Recent progress in the use of decellularized organ scaffolds as regenerative matrices for tissue engineering holds great promise in addressing the issue of donor organ shortage. Decellularization preserves the mechanical integrity, composition, and microvasculature critical for zonation of hepatocytes in the liver. Earlier studies have reported the possibility of repopulating decellularized matrices with hepatic cell lines or stem cells to improve liver regeneration. In this work, we study the versatility of the decellularized liver matrix as a substrate coating of three-dimensional cryogel scaffolds. The coated cryogels were analyzed for their ability to maintain hepatic cell growth and functionality in vitro, which was found to be significantly better than the uncoated cryogel scaffolds. The decellularized liver matrix-coated cryogel scaffolds were evaluated for their potential application as a cell-loaded bioreactor for bioartificial liver support and as an implantable liver construct. Extracorporeal connection of the coated cryogel bioreactor to a liver failure model showed improvement in liver function parameters. Additionally, offline clinical evaluation of the bioreactor using patient-derived liver failure plasma showed its efficacy in improving liver failure conditions by approximately 30-60%. Furthermore, implantation of the decellularized matrix-coated cryogel showed complete integration with the native tissue as confirmed by hematoxylin and eosin staining of tissue sections. HepG2 cells and primary human hepatocytes seeded in the coated cryogel scaffolds implanted in the liver failure model maintained functionality in terms of albumin synthesis and cytochrome P450 activity post 2 weeks of implantation. In addition, a 20-60% improvement in liver function parameters was observed post implantation. These results, put together, suggest a possibility of using the decellularized matrix-coated cryogel scaffolds for liver tissue engineering applications.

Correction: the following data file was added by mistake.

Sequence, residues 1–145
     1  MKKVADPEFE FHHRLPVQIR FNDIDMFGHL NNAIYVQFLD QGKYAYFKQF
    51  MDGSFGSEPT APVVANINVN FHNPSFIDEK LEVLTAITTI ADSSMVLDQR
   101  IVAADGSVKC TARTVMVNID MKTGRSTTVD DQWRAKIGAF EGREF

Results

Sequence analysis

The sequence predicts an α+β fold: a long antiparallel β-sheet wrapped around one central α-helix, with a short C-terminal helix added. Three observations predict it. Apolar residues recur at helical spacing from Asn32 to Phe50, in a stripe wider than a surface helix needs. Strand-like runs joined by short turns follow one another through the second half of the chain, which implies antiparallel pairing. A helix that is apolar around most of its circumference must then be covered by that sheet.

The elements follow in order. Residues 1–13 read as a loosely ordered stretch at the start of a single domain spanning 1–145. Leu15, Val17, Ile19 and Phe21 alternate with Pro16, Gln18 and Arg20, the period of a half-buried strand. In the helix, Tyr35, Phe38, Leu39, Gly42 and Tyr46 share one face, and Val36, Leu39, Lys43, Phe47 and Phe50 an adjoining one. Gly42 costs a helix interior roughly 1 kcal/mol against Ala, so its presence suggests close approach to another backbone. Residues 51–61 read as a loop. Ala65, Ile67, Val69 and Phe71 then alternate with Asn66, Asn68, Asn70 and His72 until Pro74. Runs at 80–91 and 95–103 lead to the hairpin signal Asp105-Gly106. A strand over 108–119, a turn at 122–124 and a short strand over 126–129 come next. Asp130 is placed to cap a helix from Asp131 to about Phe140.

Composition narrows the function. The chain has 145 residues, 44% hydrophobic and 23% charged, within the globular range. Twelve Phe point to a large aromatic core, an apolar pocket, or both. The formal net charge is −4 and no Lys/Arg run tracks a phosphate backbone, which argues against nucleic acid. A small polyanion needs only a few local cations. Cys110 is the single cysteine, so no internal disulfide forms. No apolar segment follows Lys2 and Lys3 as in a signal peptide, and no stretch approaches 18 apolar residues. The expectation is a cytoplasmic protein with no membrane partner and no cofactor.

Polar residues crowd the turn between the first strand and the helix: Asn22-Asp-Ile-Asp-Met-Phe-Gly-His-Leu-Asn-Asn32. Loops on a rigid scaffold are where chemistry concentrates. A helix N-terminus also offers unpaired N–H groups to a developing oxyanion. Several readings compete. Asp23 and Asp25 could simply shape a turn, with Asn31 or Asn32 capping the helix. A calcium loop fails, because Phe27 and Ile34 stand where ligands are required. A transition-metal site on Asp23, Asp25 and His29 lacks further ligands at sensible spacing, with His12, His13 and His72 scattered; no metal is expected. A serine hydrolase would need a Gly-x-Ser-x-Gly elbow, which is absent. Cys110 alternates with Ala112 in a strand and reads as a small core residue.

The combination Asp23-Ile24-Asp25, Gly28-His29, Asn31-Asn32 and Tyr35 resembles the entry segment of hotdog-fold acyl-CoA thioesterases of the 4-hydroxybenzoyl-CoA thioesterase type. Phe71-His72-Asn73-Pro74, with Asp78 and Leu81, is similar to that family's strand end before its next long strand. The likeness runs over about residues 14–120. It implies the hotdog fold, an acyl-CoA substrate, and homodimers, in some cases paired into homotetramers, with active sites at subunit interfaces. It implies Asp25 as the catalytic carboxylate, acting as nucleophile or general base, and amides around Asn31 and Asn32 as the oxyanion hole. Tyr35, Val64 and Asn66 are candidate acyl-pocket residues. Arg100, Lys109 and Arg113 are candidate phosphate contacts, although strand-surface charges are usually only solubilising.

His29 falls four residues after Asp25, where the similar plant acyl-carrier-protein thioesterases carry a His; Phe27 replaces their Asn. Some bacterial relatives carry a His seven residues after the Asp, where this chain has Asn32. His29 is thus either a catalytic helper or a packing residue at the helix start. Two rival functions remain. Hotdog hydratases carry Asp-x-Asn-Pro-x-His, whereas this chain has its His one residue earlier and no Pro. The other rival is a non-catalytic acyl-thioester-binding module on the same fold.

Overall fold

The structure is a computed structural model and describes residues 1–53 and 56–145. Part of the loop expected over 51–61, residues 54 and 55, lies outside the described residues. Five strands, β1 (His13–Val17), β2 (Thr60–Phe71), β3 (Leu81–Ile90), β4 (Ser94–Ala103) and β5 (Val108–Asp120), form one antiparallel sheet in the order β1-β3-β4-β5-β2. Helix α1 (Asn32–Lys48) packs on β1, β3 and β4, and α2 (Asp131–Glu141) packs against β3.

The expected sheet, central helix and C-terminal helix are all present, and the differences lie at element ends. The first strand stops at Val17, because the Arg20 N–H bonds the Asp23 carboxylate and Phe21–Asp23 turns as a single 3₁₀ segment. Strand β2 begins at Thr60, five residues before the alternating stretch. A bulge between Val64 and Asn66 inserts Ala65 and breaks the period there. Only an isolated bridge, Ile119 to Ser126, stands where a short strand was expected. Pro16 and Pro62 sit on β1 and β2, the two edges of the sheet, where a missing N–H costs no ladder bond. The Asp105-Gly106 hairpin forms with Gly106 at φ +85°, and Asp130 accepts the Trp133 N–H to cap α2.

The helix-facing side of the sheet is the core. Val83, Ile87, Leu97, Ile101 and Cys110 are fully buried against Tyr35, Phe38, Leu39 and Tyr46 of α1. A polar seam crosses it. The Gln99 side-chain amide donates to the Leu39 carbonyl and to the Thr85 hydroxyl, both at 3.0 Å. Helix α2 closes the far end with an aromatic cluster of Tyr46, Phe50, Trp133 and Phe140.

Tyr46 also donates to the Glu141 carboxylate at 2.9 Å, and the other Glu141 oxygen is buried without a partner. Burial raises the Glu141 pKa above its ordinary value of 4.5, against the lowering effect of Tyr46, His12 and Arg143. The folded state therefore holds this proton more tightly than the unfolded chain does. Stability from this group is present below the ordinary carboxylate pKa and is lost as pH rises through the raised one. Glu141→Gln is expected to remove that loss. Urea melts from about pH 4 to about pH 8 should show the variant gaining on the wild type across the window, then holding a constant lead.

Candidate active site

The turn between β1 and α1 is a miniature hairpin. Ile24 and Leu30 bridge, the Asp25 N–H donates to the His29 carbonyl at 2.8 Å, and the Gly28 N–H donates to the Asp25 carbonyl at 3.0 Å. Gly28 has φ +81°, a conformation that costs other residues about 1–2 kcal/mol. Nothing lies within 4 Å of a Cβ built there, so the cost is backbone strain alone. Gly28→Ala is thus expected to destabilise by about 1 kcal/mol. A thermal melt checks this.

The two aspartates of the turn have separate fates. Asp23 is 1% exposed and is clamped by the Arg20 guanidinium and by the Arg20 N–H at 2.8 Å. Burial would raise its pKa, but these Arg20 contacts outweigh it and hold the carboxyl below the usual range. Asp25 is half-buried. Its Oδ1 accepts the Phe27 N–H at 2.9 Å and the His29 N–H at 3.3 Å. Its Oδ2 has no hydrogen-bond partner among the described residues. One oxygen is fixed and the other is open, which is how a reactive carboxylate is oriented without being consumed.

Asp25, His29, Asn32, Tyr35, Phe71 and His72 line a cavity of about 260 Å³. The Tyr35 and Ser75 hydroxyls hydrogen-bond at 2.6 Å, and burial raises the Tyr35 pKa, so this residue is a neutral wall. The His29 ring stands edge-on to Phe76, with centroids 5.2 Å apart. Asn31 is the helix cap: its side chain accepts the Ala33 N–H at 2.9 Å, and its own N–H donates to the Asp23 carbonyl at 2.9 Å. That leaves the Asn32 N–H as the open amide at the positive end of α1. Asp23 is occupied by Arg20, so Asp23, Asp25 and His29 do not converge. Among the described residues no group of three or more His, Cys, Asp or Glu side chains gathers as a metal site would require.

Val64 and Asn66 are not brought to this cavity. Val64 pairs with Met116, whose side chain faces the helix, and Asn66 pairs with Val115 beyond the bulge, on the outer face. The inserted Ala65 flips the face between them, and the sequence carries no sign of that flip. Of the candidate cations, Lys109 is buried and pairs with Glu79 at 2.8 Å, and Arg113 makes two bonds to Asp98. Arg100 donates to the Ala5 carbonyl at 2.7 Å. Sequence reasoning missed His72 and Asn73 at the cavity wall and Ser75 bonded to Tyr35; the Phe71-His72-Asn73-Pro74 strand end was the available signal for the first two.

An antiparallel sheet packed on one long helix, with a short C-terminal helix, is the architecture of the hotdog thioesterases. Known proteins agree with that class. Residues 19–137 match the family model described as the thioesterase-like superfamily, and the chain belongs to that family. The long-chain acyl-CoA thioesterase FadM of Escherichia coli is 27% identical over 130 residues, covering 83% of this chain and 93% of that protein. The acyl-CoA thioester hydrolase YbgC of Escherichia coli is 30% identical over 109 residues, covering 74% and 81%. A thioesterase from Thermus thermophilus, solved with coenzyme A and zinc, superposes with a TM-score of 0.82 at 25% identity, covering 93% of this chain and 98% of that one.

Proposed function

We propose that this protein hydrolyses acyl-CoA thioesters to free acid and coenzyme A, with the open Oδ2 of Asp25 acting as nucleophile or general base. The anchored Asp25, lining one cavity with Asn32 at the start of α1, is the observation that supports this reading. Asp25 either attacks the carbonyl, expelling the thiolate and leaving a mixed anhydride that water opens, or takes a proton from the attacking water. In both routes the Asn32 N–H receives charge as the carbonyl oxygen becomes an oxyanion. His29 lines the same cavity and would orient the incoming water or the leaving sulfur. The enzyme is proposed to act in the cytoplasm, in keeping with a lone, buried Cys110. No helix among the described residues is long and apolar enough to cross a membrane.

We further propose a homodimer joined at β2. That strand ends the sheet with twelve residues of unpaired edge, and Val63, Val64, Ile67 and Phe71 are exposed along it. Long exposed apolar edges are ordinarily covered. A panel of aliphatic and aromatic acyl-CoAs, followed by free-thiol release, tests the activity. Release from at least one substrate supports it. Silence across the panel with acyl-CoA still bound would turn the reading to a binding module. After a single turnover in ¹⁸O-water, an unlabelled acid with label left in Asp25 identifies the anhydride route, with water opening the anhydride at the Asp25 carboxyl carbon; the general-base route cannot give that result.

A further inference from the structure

All Science Journal Classification (ASJC) codes
- Materials Science(all)